In need of a rethink

There’s an awful lot of thinking that has to happen before I can get writing… Sometimes it is a sort of subliminal thinking, a sort of mental playing about with a few scraps of ideas, the sort of things I mention when I’m writing here – a ragbag of odd names, unexpected facial expressions, ‘what if’ moments, fleeting glimpses of things, overheard scraps of conversation, vague and tenuous drifts of leftover dream on waking, misunderstood or misheard comments, graffiti, juxtaposed images, memories, odd news items, strange weather, rivers and seas and rivers meeting seas…

Then, for me, there’s a gradual coming together and the beginning of some form, and then I start – and usually when I start (which may not necessarily be at the beginning of the story) words come out in a stupendous rush, and ideas coalesce and form and reform, and strange branches of thought go off in all sort of directions. Sometimes I’m taken up with an idea – sometimes it needs a lot of research and I plunge into that in a fury, and write and write.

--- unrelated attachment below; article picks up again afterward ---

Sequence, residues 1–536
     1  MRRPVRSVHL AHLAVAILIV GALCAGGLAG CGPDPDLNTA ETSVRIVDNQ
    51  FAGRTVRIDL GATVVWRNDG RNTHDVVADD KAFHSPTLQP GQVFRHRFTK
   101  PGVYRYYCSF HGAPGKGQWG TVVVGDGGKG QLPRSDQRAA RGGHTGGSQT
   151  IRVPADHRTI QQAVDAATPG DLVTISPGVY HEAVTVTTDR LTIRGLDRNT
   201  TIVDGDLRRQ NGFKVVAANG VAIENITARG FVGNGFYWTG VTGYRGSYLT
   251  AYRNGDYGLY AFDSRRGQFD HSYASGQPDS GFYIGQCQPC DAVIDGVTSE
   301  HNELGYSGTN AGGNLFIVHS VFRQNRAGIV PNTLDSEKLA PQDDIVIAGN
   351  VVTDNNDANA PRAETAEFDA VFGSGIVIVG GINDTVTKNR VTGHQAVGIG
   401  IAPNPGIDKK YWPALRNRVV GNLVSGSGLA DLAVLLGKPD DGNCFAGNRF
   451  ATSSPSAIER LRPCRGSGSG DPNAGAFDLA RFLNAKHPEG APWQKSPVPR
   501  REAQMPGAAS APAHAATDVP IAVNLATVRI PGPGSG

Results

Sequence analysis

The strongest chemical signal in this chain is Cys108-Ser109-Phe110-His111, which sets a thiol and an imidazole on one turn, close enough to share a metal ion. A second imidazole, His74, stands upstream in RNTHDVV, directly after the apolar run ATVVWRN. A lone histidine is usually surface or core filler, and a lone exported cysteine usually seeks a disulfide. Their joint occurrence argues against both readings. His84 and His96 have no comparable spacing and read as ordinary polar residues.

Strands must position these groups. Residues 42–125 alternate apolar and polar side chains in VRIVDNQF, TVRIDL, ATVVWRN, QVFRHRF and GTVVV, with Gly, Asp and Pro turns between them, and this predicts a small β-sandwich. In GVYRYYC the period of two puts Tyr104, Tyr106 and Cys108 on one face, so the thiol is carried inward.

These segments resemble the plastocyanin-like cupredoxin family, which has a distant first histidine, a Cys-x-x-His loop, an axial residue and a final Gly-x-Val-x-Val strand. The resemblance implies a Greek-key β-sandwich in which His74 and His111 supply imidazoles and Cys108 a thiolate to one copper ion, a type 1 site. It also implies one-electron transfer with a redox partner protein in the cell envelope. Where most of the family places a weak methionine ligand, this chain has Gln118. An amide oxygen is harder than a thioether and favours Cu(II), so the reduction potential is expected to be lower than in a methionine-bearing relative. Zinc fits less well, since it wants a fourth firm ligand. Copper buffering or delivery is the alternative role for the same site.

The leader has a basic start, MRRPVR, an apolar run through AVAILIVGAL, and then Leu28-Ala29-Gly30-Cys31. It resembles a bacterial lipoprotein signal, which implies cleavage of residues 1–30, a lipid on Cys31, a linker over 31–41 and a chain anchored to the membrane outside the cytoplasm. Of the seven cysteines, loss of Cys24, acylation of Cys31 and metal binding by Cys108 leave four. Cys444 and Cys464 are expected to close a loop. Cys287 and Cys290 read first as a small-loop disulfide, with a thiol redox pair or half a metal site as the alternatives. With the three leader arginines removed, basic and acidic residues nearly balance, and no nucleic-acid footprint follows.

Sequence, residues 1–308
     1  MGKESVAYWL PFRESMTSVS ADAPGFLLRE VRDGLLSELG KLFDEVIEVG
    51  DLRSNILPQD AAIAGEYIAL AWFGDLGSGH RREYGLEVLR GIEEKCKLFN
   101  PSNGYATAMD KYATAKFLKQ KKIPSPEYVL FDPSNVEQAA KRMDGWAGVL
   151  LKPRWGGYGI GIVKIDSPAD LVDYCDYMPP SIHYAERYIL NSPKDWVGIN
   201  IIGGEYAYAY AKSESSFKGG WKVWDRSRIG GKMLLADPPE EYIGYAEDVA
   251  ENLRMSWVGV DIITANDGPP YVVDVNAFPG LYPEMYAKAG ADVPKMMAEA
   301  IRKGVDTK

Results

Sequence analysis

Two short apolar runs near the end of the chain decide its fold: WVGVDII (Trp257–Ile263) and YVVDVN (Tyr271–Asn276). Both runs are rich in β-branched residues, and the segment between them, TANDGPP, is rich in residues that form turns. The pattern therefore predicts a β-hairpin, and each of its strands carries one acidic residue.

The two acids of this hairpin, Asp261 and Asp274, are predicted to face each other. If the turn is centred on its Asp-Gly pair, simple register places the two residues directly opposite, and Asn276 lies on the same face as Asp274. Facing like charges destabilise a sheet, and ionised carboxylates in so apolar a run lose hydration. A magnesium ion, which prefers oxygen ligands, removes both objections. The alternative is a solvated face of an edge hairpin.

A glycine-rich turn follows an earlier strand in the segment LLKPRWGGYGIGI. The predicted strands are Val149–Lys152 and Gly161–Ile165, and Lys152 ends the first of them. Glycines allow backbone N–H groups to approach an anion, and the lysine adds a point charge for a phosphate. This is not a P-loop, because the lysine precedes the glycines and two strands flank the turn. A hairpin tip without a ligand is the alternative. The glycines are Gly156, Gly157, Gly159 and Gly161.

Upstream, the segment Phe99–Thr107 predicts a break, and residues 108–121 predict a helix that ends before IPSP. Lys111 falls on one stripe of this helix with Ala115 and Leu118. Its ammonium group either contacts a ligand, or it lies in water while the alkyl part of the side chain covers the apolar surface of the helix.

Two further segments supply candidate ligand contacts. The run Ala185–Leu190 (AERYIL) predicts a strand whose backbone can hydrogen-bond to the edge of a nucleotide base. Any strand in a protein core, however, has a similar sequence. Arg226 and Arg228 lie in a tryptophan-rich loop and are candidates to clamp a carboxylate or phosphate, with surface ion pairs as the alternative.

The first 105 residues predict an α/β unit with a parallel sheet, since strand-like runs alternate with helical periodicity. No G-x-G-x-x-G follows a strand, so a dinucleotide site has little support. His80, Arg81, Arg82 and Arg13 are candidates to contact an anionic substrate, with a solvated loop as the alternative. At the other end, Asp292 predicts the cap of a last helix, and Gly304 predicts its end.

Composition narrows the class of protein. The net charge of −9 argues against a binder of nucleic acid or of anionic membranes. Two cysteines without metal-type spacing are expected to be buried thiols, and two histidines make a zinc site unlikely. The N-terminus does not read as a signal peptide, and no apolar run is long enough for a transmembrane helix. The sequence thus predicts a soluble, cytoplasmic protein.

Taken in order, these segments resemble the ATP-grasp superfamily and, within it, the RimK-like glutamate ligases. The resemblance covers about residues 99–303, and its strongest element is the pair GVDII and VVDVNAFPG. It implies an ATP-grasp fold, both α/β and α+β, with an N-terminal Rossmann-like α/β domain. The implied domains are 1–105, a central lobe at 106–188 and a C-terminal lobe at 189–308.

Then comes the more staid workmanlike work (is that tautology?) All the other things continue – the mental playing about, the coalescing, the sudden spurts of enthusiasm and inspiration, but it’s more formed now, following the pattern of the narrative.

And then… and then sometimes comes a realisation that there has been an error – maybe it’s something simple like a character’s name or description isn’t right, or that two characters have become confused, or there is a gap where a crucial explanation is missing, or something is written so badly it just has to come out and be rewritten, or there is a whole thread which doesn’t fit at all and needs to be extracted and maybe saved for another story. These things are a bit annoying, but only a bit… lots of work, but it’s all OK.